An Israeli surveillance blimp floated in the distance, a sign of the stepped-up intelligence-gathering effort in the border area, coupled with a substantial increase and upgrade of troops at the frontier. The new fence is to be backed by cameras and radar to detect movements on the Egyptian side.

Built to serve as a formidable obstacle rather than as an electronic tripwire to signal infiltration, the Egypt border fence is a larger construction than Israel’s security fence around the Gaza Strip. Located in a barren strip of land along a mutually agreed border, it has not generated the controversies and legal challenges triggered by Israel’s separation barrier in the West Bank, which slices into the territory, runs through Palestinian communities in some places and cuts villages off from their lands in others.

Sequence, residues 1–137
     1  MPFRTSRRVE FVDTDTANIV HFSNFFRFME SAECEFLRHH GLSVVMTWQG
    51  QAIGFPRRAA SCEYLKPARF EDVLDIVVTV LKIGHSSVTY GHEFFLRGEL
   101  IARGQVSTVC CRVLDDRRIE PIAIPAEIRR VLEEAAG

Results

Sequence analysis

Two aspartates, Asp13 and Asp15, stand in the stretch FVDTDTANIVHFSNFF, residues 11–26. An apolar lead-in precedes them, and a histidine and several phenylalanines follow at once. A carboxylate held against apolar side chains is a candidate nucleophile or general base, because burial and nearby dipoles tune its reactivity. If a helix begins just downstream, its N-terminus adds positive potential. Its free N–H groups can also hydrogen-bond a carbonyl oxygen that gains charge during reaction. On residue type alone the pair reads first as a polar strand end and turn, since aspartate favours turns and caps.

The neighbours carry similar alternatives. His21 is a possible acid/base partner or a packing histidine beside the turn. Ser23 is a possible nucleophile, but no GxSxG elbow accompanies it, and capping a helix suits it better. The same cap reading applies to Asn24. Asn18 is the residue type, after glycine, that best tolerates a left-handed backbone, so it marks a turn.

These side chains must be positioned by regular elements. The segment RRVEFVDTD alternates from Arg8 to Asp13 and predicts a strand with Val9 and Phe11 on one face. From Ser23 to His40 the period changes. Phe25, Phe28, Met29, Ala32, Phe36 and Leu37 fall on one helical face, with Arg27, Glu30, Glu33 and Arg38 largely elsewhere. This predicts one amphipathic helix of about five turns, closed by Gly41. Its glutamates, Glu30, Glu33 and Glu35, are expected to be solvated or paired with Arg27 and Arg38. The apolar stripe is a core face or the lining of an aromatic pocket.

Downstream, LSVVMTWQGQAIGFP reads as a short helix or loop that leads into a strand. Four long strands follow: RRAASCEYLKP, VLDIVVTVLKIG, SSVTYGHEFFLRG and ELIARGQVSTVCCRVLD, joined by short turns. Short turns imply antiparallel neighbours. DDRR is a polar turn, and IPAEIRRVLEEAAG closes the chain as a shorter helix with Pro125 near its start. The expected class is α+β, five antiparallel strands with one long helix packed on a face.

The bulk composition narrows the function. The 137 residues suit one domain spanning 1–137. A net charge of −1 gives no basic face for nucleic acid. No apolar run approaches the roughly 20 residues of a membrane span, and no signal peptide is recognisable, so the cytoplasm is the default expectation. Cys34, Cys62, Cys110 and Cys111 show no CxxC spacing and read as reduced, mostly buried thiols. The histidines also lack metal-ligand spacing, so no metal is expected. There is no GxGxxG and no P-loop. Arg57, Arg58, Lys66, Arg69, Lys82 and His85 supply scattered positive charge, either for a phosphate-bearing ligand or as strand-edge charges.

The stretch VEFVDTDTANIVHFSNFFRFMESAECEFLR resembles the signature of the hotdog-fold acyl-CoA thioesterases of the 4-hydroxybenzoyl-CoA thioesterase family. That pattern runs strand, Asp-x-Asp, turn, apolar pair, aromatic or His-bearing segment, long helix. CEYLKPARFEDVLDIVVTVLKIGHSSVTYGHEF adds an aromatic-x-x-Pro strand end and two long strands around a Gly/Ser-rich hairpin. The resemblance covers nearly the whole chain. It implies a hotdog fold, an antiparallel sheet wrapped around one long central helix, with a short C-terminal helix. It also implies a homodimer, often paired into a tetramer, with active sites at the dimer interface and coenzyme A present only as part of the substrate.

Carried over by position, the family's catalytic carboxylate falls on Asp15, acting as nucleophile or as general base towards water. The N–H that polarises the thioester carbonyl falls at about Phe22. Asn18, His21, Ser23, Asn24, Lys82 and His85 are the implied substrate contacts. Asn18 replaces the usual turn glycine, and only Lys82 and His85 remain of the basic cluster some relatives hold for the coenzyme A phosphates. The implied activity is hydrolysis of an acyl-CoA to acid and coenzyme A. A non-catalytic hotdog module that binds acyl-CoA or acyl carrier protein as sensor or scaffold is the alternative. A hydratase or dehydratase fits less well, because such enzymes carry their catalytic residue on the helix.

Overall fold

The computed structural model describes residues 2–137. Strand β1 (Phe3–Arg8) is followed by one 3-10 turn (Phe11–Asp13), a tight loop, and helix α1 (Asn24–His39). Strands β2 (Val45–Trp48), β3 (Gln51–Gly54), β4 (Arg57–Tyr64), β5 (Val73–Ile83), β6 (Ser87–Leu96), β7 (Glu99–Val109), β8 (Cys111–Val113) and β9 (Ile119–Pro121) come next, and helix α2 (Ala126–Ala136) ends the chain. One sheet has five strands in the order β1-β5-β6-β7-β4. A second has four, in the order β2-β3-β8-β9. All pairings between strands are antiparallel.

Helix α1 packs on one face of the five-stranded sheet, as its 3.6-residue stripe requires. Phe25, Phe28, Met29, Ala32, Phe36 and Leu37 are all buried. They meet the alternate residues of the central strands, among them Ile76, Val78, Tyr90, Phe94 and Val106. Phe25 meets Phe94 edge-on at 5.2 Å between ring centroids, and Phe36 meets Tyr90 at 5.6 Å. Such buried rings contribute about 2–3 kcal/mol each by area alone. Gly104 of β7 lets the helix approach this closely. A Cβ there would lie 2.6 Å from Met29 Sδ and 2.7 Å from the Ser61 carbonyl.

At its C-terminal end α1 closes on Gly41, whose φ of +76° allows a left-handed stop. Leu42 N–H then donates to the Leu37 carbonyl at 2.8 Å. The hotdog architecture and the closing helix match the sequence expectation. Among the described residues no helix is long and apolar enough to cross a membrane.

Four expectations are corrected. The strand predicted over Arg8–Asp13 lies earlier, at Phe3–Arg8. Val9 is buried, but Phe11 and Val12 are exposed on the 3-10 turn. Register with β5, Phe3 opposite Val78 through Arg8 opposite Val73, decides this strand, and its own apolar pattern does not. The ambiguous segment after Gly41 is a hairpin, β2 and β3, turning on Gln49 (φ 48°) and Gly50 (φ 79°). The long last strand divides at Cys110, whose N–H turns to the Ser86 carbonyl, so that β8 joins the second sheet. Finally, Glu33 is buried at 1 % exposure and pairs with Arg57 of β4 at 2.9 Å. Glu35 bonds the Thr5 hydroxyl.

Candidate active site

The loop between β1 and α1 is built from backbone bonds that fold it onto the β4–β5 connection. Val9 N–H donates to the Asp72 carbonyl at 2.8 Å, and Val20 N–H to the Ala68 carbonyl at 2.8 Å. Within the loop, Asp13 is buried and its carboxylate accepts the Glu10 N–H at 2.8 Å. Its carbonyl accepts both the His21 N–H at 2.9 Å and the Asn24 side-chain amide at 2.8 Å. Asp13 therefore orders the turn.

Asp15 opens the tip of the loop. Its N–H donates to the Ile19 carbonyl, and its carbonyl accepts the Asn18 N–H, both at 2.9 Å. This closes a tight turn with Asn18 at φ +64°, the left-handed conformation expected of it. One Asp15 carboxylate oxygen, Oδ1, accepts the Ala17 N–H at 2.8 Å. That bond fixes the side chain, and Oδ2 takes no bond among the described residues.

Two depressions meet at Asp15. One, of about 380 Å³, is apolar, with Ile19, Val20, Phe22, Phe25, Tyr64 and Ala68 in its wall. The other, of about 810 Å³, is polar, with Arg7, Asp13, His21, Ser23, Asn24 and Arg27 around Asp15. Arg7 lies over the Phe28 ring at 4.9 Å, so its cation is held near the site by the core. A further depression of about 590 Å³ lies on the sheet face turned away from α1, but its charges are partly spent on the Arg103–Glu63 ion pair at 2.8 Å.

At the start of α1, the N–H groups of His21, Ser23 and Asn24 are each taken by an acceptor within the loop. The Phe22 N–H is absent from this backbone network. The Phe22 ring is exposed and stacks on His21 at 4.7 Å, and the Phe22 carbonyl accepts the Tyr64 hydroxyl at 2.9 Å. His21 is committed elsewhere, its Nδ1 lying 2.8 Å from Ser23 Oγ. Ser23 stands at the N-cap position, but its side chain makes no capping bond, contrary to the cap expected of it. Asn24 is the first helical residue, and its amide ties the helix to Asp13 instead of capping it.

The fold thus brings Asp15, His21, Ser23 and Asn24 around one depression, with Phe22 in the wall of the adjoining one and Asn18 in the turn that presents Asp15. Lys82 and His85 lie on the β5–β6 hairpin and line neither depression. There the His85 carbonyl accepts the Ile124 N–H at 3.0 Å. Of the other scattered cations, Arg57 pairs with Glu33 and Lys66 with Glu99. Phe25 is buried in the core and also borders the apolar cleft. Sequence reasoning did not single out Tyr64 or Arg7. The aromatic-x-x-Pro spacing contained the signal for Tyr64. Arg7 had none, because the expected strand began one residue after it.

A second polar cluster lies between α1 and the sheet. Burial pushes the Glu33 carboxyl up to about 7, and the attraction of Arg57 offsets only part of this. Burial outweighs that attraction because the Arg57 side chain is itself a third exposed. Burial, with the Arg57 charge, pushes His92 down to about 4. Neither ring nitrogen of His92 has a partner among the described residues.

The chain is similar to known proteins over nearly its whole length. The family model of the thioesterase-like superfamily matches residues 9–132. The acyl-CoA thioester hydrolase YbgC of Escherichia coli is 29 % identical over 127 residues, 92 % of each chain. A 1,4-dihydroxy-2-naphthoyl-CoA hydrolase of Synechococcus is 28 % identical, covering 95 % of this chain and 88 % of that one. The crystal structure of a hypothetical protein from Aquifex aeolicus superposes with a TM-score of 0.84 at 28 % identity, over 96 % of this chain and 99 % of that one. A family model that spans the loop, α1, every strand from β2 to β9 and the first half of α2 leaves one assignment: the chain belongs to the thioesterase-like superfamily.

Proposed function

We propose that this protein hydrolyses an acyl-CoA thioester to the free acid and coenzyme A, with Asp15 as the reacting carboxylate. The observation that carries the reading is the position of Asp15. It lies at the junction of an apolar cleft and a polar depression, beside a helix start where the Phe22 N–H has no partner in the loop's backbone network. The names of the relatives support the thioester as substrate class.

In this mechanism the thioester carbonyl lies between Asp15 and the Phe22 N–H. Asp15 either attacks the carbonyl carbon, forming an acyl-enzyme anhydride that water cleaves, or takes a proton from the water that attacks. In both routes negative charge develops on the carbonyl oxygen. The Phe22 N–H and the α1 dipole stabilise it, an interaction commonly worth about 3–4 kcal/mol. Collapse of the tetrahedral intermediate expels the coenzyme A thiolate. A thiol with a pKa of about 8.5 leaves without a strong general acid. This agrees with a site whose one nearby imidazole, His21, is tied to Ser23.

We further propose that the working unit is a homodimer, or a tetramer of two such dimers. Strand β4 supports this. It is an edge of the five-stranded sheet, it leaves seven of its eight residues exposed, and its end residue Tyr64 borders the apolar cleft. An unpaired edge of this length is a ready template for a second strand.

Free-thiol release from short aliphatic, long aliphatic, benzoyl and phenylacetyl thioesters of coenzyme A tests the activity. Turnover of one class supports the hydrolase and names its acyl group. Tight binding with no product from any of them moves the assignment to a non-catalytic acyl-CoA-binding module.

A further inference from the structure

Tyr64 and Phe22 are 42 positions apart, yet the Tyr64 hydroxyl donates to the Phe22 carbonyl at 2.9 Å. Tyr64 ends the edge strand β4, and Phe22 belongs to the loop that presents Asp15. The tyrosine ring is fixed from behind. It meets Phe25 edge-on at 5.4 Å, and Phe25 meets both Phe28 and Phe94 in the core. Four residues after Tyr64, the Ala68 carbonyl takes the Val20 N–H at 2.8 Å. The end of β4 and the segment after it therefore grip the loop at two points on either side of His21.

A senior officer on the border with Egypt said that despite the increase in perceived threats there, the army still views the area differently from the hostile frontiers with the Gaza Strip, Syria and Lebanon, from which rockets were fired across Israel’s northern border Tuesday, drawing Israeli artillery fire. The rules of engagement along the Egyptian border were different, the officer said, but he acknowledged that since the August attack, military activity along the borderline is carried out with greater tactical caution and more potential firepower.

“We’re more alert, more prepared, but we still rely on the Egyptians to do the job in their sector,” said the officer, who spoke on the condition of anonymity because of army rules. “We can’t prevent shooting from the other side, but we want to prevent infiltration by terrorists into our territory and attacks inside Israel.”

The $360 million fence project is slated for completion toward the end of next year, and there are plans to reopen the border area soon to Israeli motorists and hikers. Despite the changes sweeping Egypt, coordination with the Egyptian security forces in the field is continuing, the officer said.

“It’s still a border of peace,” he said. “Our interest is to keep it that way.”